Fig 2: Sites of the puted ovitraps.

The trap consists of a black plastic bucket with a volume of 10 liters (Marabuto and Rebelo, 2018) (Fig. 3). These were placed in house gardens, because the preferential lodgings of Ae. albopictus are unexposed to the sun and the wind (Hawley, 1988). As well as following the population of Ae. albopictus, this method was a tool to detect other species of mosquitoes that are able to cohabit with it, and that led to a Comparative study.


Fig 3: Model of the nest trap used.

Statistical analysis

Several data were calculated, namely: the means, the standard deviation and the extremes for the various parameters. We used the kruskal-wallis test (One Way Anova) to compare between several means to determine if there are differences between sites (Bouchegouf, Besbes and El Bouni) and species (Ae. albopictus, Cx. pipiens, and Cs. longiareolata). For all these parameters, we used the STATISTIX software, version 8.


Appearance and distribution of Ae. albopictus in Annaba

In the summer of 2017, during a mosquito inventory, we trapped an adult female of Ae. albopictus in the region of Annaba, which was taken to the laboratory to be identified using the software of the European identification key for mosquitoes (Schaffner, et al., 2001). This was followed by several complaints from people in the area about a series of mosquito bites causing infections, assuming that it was the Asian tiger mosquito (Fig. 4).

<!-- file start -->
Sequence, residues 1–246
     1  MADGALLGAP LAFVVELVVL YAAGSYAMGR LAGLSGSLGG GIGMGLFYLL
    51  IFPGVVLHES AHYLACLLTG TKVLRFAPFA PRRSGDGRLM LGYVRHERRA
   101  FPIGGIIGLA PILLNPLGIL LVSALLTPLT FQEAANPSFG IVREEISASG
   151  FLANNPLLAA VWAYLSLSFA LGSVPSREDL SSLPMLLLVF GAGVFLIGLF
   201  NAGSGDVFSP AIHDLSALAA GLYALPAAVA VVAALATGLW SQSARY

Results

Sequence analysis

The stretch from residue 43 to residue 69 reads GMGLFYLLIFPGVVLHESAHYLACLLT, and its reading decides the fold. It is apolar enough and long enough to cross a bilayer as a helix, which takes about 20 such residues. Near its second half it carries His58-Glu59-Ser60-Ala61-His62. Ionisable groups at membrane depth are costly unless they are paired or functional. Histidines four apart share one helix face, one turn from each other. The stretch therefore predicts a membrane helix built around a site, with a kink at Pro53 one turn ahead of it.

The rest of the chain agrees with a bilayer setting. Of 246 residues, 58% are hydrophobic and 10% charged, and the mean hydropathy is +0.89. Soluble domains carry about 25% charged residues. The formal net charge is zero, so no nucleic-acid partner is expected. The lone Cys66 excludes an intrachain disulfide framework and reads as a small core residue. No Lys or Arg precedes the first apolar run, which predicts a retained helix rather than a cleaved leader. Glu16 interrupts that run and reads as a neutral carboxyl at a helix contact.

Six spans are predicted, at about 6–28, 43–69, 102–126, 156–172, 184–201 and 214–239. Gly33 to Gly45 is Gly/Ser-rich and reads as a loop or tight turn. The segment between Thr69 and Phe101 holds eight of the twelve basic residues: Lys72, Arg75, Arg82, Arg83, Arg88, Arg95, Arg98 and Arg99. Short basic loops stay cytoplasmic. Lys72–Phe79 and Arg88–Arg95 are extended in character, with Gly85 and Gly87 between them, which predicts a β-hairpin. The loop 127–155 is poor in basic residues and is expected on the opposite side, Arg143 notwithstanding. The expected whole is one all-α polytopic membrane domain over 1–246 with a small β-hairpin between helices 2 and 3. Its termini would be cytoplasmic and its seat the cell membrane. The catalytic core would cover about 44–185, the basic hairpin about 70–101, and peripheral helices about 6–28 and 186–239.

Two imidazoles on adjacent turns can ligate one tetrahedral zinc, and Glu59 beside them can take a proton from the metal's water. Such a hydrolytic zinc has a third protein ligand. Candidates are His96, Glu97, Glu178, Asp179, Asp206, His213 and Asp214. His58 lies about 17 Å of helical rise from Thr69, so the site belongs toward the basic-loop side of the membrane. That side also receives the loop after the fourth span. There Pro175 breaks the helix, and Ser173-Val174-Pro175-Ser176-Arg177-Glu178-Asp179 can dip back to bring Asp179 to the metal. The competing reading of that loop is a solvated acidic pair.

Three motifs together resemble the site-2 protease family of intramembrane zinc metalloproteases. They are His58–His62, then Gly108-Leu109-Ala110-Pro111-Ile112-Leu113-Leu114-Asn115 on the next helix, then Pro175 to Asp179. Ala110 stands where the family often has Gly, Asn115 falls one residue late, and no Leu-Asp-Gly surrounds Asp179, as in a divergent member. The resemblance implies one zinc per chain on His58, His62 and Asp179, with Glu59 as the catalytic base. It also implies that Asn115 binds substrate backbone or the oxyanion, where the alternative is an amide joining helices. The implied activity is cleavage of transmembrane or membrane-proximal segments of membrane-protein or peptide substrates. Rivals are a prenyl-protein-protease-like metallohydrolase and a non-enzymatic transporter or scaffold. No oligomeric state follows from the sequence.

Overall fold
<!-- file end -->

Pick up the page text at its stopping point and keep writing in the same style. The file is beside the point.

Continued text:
Fig 4: The stages of development of Ae. albopictus (A: female and male adults, B: egg, C: larva, D: pupa).

After the initial sighting of Ae. albopictus that occurred in 2017 (only one adult female), the research team decided to focus its work on this new species of mosquito that appeared in the region of Annaba. The obtained results show the population development throughout the past four years in the area (in 2017 we found only 1 specimen but we collected 608 specimens in 2020) (Table 1).

Sites GPS coordinats 2017 2018 2019 2020
El Bouni 1 36°50.977'N 007°44.687'E     1 241 211 8 17 34   132 61 2
El Bouni 2 36°50.872'N 007°44.550'E       96 79   322 194 5 279 87 1
Oued forcha 36°54.548'N 007°44.096'E             520 246        
El-rym 36°52.837'N 007°43.659'E           1            
Oued dhab 36°53.522'N 007°44.516'E                     40  
Bouhdid 36°53.299'N 007°42.682'E                     6  
L’orangerie 36°54.127'N 007°44.558'E                     26  
Zaafrania 36°45.649'N 007°45.189'E                   712 528 12
Elhadjar 36°46.805'N 007°43.694'E                   91 17 2
Total       1 337 290 9 859 474 5 1442 917 18

Table 1. Ae. albopictus specimen collected from 2017 to 2020 in the region of Annaba. (E: Egg; L: larva; A: Adult).

This last show the total specimens collected from surveyed sites. We recorded the highest specimens in Zaafrania (712 eggs, 528 larvae, and 12 adults) in the year 2020. Also, the number of sites infested with Ae. albopictus had increased to nine sites in the region of Annaba. By the end of 2020, we sampled a total of 1442 eggs, 917 larvae, and 18 adults from 7 infested sites. Also, both El Bouni 1 and El Bouni 2 were constant sites that had been positive with Ae. albopictus throughout the years.

Description of the breeding sites